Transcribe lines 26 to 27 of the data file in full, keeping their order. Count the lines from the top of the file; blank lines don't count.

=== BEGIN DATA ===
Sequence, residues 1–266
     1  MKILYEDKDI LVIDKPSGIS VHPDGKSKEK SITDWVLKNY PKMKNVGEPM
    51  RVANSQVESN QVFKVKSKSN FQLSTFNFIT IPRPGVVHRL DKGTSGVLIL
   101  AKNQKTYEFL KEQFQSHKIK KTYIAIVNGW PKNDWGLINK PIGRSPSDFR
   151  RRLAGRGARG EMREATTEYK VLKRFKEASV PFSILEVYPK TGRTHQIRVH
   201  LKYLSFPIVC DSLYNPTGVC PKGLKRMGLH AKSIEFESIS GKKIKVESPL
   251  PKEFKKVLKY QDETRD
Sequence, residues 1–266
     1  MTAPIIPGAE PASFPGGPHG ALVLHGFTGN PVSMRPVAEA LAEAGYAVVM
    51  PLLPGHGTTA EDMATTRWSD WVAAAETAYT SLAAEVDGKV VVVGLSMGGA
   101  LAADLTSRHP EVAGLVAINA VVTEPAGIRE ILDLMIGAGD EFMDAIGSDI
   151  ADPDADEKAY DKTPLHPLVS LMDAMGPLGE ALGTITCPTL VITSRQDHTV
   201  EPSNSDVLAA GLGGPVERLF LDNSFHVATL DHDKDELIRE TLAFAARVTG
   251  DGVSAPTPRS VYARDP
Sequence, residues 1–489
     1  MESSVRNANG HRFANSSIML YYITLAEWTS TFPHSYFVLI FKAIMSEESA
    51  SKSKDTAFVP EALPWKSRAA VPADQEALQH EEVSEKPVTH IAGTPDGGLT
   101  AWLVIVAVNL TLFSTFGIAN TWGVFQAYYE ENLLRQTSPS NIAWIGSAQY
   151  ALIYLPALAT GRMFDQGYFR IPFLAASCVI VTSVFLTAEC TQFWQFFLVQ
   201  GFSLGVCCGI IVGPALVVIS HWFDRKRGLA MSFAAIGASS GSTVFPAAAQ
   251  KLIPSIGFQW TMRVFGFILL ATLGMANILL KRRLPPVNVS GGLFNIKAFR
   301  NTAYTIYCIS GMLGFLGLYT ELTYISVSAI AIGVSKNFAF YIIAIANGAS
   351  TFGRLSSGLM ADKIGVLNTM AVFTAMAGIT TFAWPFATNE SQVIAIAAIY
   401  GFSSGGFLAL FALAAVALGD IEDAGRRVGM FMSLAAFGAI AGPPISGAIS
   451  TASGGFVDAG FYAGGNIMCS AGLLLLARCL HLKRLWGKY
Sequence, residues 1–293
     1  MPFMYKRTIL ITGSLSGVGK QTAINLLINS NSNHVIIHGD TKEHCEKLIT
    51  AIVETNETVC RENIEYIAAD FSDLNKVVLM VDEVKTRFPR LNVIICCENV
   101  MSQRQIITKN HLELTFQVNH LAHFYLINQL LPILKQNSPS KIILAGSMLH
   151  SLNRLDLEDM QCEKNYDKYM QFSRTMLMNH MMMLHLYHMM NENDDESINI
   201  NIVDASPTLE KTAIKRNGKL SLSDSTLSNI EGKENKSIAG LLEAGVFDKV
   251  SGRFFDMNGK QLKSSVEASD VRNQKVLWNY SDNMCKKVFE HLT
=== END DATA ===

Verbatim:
Sequence, residues 1–293
     1  MPFMYKRTIL ITGSLSGVGK QTAINLLINS NSNHVIIHGD TKEHCEKLIT